Monday, January 01, 2024

Knowledge Graph Aligned Entity Linker using SentenceTransformers

Most of us are familiar with Named Entity Recognizers (NERs) that can recognize spans in text as belonging to a small number of classes, such as Person (PER), Organization (ORG), Location (LOC), etc. These are usually multi-class classifier models, trained on input sequences to return BIO (Begin-Input-Output) tags for each token. However, recognizing entities in a Knowledge Graph (KG) using this approach is usually a much harder proposition, since a KG can contain thousands, even millions, of distinct entities, and it is just not practical to create a multi-class classifier for so many target classes. A common approach to building a NER for such a large number of entities is to use dictionary based matching. However, the approach suffers from the inability to do "fuzzy" or inexact matching, beyond standard normalization streategies such as lowercasing and stemming / lemmatizing, and requires you to specify up-front all possible synonyms that may be used to refer to a given entity.

An alternative approach may be to train another model, called a Named Entity Linker (NEL) that would take the spans recognized as candidate entities or phrases by the NER model, and then attempt to link the phrase to an entity in the KG. In this situation, the NER just learns to predict candidate phrases that may be entities of interest, which puts it on par with simpler PER/ORG/LOC style NERs in terms of complexity. The NER and NEL are pipelined together in a setup that is usually known as Named Entity Recognition and Linking (NERL).

In this post, I will describe a NEL model that I built for my 2023 Dev10 project. Our Dev10 program allows employees to use up to 10 working days per year to pursue a side-project, similar to Google's 20% program. The objective is to learn an embedding model where encodings of synonyms of a given entity are close together, and where encodings of synonyms of different entities are pushed far apart. We can then encode each entity in this space as the encoding of the centroid of the encodings of its individual synonyms. Each candidate phrase output from the NER model can then be encoded using this embedding model, and its nearest neighbors in the embedding space would correspond to the most likely entities to link to.

The idea is inspired by Self-Alignment Pretraining for Biomedical Entity Representations (Liu et al, 2021) which produced the SapBERT model (SAP == Self Aligned Pretraining). It uses Contrastive Learning to fine-tune the BiomedBERT model. In this scenario, positive pairs are pairs of synonyms for the same entity in the KG and negative pairs are synonyms from different entities. It uses the Unified Medical Language System (UMLS) as its KG, to source synonym pairs.

I follow a largely similar approach in my project, except that I use the SentenceTransformers library to fine tune the BiomedBERT model. For my initial experiments, I also used the UMLS as my source of synonym pairs, mainly for reproducibility purposes since it is a free resource available for download to anyone. I tried fine-tuning a bert-base-uncased model and the BiomedBERT models, with MultipleNegativesRanking (MNR) as well as Triplet loss, the latter with Hard Negative Mining. My findings are in line with the SapBERT paper, i.e. that BiomedBERT performs better than BERT base, and that MNR performs better than Triplet loss. The last bit was something of a dissapointment, since I had expected Triplet loss to perform better. It is possible that the Hard Negative Mining was not hard enough, or maybe I needed a higher number than 5 negatives for each positive.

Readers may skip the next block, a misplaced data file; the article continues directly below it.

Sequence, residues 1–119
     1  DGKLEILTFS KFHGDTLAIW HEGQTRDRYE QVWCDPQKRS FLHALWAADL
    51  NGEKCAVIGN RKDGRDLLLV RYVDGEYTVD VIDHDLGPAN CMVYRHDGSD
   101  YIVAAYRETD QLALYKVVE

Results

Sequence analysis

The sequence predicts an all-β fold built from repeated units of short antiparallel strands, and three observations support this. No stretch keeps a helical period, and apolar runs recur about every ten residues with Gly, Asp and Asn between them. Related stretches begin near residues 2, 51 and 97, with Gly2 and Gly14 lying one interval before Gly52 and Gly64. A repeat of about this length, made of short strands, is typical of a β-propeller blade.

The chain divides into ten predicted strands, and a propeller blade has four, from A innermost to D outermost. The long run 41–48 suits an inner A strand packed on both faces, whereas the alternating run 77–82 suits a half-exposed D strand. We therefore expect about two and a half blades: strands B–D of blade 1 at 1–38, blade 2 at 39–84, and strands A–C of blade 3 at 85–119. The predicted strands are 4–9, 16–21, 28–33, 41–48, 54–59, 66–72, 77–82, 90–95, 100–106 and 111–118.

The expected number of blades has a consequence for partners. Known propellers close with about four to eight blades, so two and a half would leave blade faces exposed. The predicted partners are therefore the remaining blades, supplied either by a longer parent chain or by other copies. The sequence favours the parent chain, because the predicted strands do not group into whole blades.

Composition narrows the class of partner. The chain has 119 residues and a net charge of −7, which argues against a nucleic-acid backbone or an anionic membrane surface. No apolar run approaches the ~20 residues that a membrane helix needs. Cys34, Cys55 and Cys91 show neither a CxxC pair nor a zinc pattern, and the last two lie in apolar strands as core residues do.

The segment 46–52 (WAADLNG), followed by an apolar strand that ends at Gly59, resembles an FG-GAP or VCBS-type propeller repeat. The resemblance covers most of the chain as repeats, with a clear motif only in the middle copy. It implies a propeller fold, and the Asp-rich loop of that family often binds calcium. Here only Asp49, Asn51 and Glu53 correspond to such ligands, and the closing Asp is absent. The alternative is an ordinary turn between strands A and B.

You can learn more about the project in my GitHub repository sujitpal/kg-aligned-entity-linker, as well as find the code in there, in case you want to replicate it.

Here are some visualizations from my best model. The chart on the left shows the distribution of cosine similarities between known negative synonym pairs (orange curve) and known positive synonym pairs (blue curve). As you can see, there is almost no overlap. The heatmap on the right shows the cosine similarity of a set of 10 synonym pairs, where the diagonal corresponds to positive pairs and the non-diagonal elements correspond to negative pairs. As you can see, the distribution seems quite good.

I also built a small demo that shows what in my opinion is the main use case for this model. It is a NERL pipeline, where the NER component is the UMLS entity finder (en_core_sci_sm) from the SciSpacy project, and the NEL component is my best performing model (kgnel-bmbert-mnr). In order to look up nearest neighbors for a given phrase encoding, the NEL component also needs a vector store to store the centroids of the encodings of entity synonyms, I used QDrant for this purpose. The QDrant vector store needs to be populated with the centroid embeddings in advance, and in order to cut down on the index and vectorization time, I only computed embeddings for centroids for entities of type "Disease or Syndrome" and "Clinical Drug". The visualizations below show the outputs (from displacy) of the outputs of the NER component:

and that of the NEL component in my demo NERL pipeline. Note that only spans that were identified as a Disease or Drug with a confidence above a threshold were selected in this phase.

Such a NERL pipeline could be used to mine new literature for new synonyms of existing entities. Once discovered, they could be added to the synonym list for the dictionary based NER to increase its recall.

Anyway, that was all I had for this post. Today is also January 1 2024, so I wanted to wish you all a very Happy New Year and a productive 2024 filled with many Machine Learning adventures!